in an attempt to make me nervous (i believe) he said, “well, let me discuss with my colleges.” so he took my permit over to his fellow officers to “discuss.” if it was really an attempt to make me nervous and break to pay a bribe to get my permit back, it didn’t work. i wasn’t nervous. on the contrary i was getting worked up.

there were many emotions that clouded my mind, many of which are resurfacing as i type this about 3 weeks later… i was angry. i was (and am) angry because we were taking time out of kelly’s and my day. we had already been on the road for a long time, and had a long time to go. daylight is not to be wasted when traveling here. i was angry because i knew that i wasn’t speeding. i knew that i was well within the law. i do not like being called or implied to be a liar or someone who would deceive people who are supposed to be protecting the people.

i was angry because i felt like he was trying to take advantage of me. as a white person and as a woman. using intimidation and fear to take something away from me that you perceive that i have because of how i look.

a deep feeling of sadness was fighting the anger i was feeling in that moment. sadness that for whatever reason, this man was angling for a bribe. it could be because he doesn’t get paid well/on time/at all/very much from his job. and to make ends meet this has become the “acceptable” form of making money. sadness that such corruption is a mainstay in this beautiful country. sadness that had i been a different expat or ngo worker i would have just chalked it up to “typical ugandan” behavior and thought badly of the whole people of uganda and perhaps of the continent. (i don’t think that way, for the record. its not “typical” and i do not think less of the people of the ‘pearl of africa’. or the continent, for that matter.)

in the moment i was calm, cool and collected. stating my case and sticking to my story. “we will follow the law.” and i think that that was the best way for me to behave. i do not believe in paying bribes. i know this won’t fix the system or make things ‘better’ but well, i’m just morally against it. we spent my time and his time on the side of that road, i think that’s payment enough.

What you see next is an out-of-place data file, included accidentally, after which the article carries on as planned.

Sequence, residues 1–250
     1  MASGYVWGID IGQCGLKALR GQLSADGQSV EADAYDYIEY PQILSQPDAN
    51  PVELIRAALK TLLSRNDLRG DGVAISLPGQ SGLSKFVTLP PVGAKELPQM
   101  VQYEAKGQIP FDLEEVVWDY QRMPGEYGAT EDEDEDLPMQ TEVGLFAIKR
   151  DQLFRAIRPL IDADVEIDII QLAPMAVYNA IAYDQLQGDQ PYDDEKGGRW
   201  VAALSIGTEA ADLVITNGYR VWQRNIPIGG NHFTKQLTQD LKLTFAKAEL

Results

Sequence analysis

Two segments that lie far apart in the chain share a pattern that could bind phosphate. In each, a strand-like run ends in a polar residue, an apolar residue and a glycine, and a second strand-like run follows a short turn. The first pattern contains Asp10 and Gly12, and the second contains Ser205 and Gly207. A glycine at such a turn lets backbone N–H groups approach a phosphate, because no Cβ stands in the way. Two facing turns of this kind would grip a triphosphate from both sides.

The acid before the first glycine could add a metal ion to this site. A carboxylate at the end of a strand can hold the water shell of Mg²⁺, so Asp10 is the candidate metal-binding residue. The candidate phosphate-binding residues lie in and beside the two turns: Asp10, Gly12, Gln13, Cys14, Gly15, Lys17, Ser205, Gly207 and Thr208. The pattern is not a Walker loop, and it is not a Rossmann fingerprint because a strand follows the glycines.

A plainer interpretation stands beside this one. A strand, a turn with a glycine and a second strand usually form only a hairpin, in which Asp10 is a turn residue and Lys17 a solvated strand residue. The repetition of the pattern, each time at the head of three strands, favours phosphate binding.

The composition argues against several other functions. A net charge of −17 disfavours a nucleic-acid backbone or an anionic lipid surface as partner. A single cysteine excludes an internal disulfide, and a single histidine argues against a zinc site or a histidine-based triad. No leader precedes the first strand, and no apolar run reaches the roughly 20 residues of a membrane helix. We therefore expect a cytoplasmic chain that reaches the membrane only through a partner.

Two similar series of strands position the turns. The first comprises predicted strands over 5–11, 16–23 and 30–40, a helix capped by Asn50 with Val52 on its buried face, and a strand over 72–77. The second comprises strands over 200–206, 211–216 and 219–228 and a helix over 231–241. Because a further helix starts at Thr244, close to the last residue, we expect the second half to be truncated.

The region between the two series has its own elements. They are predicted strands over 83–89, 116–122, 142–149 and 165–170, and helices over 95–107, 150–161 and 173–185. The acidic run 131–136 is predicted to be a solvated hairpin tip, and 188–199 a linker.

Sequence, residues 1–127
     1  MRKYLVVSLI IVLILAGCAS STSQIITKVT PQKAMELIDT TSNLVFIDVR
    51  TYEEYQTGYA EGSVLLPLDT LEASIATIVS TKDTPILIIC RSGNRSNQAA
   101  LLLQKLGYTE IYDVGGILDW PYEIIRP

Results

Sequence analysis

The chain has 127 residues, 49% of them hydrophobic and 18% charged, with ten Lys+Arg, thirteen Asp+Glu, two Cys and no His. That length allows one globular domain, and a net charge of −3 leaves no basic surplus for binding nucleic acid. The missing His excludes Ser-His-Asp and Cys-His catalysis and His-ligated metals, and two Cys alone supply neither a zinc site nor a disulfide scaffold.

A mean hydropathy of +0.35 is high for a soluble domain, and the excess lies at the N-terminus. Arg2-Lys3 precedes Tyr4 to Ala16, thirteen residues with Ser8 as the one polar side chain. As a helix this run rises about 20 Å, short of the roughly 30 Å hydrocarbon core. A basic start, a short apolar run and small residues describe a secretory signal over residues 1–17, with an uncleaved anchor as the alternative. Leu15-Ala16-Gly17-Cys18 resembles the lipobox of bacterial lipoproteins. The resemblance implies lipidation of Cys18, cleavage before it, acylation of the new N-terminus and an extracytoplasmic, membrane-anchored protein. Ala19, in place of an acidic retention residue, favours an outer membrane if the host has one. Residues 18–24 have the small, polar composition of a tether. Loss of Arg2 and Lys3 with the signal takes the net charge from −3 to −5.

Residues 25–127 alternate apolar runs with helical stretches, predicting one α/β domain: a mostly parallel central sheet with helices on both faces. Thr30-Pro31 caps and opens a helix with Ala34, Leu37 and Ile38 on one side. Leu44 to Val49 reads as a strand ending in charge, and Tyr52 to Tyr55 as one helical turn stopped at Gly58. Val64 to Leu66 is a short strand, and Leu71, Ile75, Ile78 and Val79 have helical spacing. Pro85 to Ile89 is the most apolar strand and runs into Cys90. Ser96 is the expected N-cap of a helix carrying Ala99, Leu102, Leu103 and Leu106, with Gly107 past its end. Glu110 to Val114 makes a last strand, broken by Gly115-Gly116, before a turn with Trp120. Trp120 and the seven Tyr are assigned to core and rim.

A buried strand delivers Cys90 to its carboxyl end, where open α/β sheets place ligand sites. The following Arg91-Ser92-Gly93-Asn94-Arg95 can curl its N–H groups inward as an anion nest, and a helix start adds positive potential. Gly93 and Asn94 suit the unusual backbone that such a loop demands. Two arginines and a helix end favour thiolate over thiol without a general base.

the officer came back from consulting with his fellow officers. he handed my permit back to me saying, “we see that you are a mother, susanne.” (why the middle name??) and we respect our mothers, so we are going to let you go with a warning.”

i swallowed my feminist pride, gave a smile/grimace in his general direction and said, “thank you.”

and then he made some comment about how yes, i was correct in thanking him for “letting me get away with it.” i gave him another
smile/grimace and drove away. at 20kmph.

and then, i rolled my eyes.
multiple times.

2 haiku (and parenthetical addendum) on the incident:

to the police man
you accused me of speeding
that i was not doing

you ask for a bribe
i do not pay them, for i
work for m.c.c.
(and because i have scruples)


One thought on “ergo…scruples

  1. you represented MCC and yourself very well, Thera! Your MO is the same one our niece Amy uses in Kenya, where bribes are even more common. It’s ethical, and gives lots of practice in the Christian virtue of patience! Proud of you!